Inspired by Paul Holdengraber’s tweet:

http://twitter.com/holdengraber/status/741972797380034560

κλινήρης:klinêrês “bed-ridden”

κλινοβατία: klinobatia: “confinement to bed”, lit. “bed-wandering/walking”

κλινοκαθέδριον: klinokathedrion: “easy-chair”, lit. “bed-chair”

κλινοπάλη: klinopalê: “bed-wrestling”

κλινοπηγία: klinopêgia: “bed-making”

κλινοποιός: klinopoios: “bed-maker”

 

Sleep

My four-year old son talks in his sleep. And I don’t mean that he merely makes sounds–he holds entire conversations with himself. Sometimes there are arguments. As I discovered this morning, however, there is no Ancient Greek word for “sleeping-talkng” or “sleep walking”.

Based on the compound “walking on air” (ἀεροβατεῖν) I propose ὑπνολέγειν (“sleep-talking”) and ὑπνοβατεῖν (“sleep-talking”). But I must admit that my faith is a bit rattled. So, here are some sleep-compounds from ancient Greek.

ὑπνομαχέω: (hupnomakheô) “fight against sleep”

ὑπνοποιός: (hupnopoios) “sleep-making”

ὑπνάπατης: (hupnapatês) “cheating of sleep”

ὑπνοφόβης: (hupnophobês) “frightening in sleep”

ὑπνοφόρος: (hupnophoros) “sleep-bringing”

ὑπνοδεσμήτος: (hupnodesmêtos) “bound-by-sleep”

ὑπνοτραπἑζος: (hupnotrapezos) “table-sleeper” (an epithet for a parasite)

 

Gorgias on Sleep and His Brother (Aelian, Varia Historiia 2.30)

“When Gorgias of Leontini was at the end of his life and, extremely old, he was over taken by a certain weakness, he stretched out in his bed slipping off to sleep. When one of his attendants who was looking over him asked how he was doing, Gorgias replied “Sleep is now starting to hand me over to his brother.””

Γοργίας ὁ Λεοντῖνος ἐπὶ τέρματι ὢν τοῦ βίου καὶ γεγηρακὼς εὖ μάλα ὑπό τινος ἀσθενείας καταληφθείς, κατ’ ὀλίγον ἐς ὕπνον ὑπολισθάνων ἔκειτο. ἐπεὶ δέ τις αὐτὸν παρῆλθε τῶν ἐπιτηδείων ἐπισκοπούμενος καὶ ἤρετο ὅ τι πράττοι, ὁ Γοργίας ἀπεκρίνατο ‘ἤδη με ὁ ὕπνος ἄρχεται παρακατατίθεσθαι τἀδελφῷ.’

Gorgias of Leontini was an orator who lived nearly one hundred years. In Greek myth, Sleep (Hypnos) and Death (Thanatos) are brothers. Here’s the Euphronios Krater that shows the pair carrying off the mortally wounded Sarpedon.

Euphronios_krater_side_A_MET_L.2006.10

In Sleep Our Dreams Seem Real: Lucretius, De Rerum Natura 4.453-461

“And when sleep has bound our limbs with sweet
slumber and the whole body lies in deep repose,
we still seem to ourselves to be awake and to move
our limbs—in the obscure darkness of night.
We think that we see the sun and the light of day;
we seem to trade a closed room or the sky, sea,
rivers and mountains—-we cross fields on our feet.
We hear sounds when the heavy quiet of night
hangs over everything; we utter words while staying silent.”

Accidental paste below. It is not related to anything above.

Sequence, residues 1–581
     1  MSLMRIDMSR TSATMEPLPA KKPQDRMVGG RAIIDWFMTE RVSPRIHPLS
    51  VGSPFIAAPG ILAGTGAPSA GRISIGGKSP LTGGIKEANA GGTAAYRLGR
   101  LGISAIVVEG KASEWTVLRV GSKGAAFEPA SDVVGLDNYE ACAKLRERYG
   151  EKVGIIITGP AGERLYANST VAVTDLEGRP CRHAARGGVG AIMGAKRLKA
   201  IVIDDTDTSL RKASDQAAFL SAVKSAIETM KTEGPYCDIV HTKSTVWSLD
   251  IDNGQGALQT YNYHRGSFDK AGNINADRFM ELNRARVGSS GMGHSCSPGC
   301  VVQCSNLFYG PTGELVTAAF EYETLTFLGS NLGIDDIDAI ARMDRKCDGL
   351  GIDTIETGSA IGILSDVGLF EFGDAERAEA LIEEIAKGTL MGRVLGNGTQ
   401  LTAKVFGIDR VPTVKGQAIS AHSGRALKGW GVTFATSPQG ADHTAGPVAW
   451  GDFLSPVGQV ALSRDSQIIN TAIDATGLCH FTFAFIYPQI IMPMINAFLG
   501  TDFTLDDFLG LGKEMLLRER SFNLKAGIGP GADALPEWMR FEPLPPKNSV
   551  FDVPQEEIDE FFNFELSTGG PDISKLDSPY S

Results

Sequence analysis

Denique cum suavi devinxit membra sopore
somnus et in summa corpus iacet omne quiete,
tum vigilare tamen nobis et membra movere
nostra videmur, et in noctis caligine caeca
cernere censemus solem lumenque diurnum,
conclusoque loco caelum mare flumina montis
mutare et campos pedibus transire videmur,
et sonitus audire, severa silentia noctis
undique cum constent, et reddere dicta tacentes.

We Are Masters of our Dreams and Delusions: Lucretius, DRN 4.453-468

“When sleep has conquered our limbs with sweet rest
And our whole body lies in the deepest slumber,
Then our limbs still watch and seem to move
And there in the blind darkness of night we think
We see the sun and the light of day
And instead of our confined space we think
We have the sky, sea, rivers and mountains under our feet
And we hear their sounds, though the cruel silence of night
Hangs everywhere, we speak while staying silent.

We see many marvels beyond this kind
That try to break the faith of our senses
But they do not, since the greatest of them fail
On the opinions of the mind, things we have provided ourselves,
Visions are seen which have not been seen by our senses.
Nothing is more difficult than to separate obvious things
From the dubious, once your own mind has provided them.”

Denique cum suavi devinxit membra sopore
somnus et in summa corpus iacet omne quiete,
tum vigilare tamen nobis et membra movere
nostra videmur, et in noctis caligine caeca
cernere censemus solem lumenque diurnum,
conclusoque loco caelum mare flumina montis
mutare et campos pedibus transire videmur,
et sonitus audire, severa silentia noctis
undique cum constent, et reddere dicta tacentes.
Cetera de genere hoc mirande multa videmus,
quae violare fidem quasi sensibus omnia quaerunt,
ne quiquam, quoniam pars horum maxima fallit
propter opinatus animi, quos addimus ipsi,
pro visis ut sint quae non sunt sensibus visa;
nam nihil aegrius est quam res secernere apertas
ab dubiis, animus quas ab se protinus addit.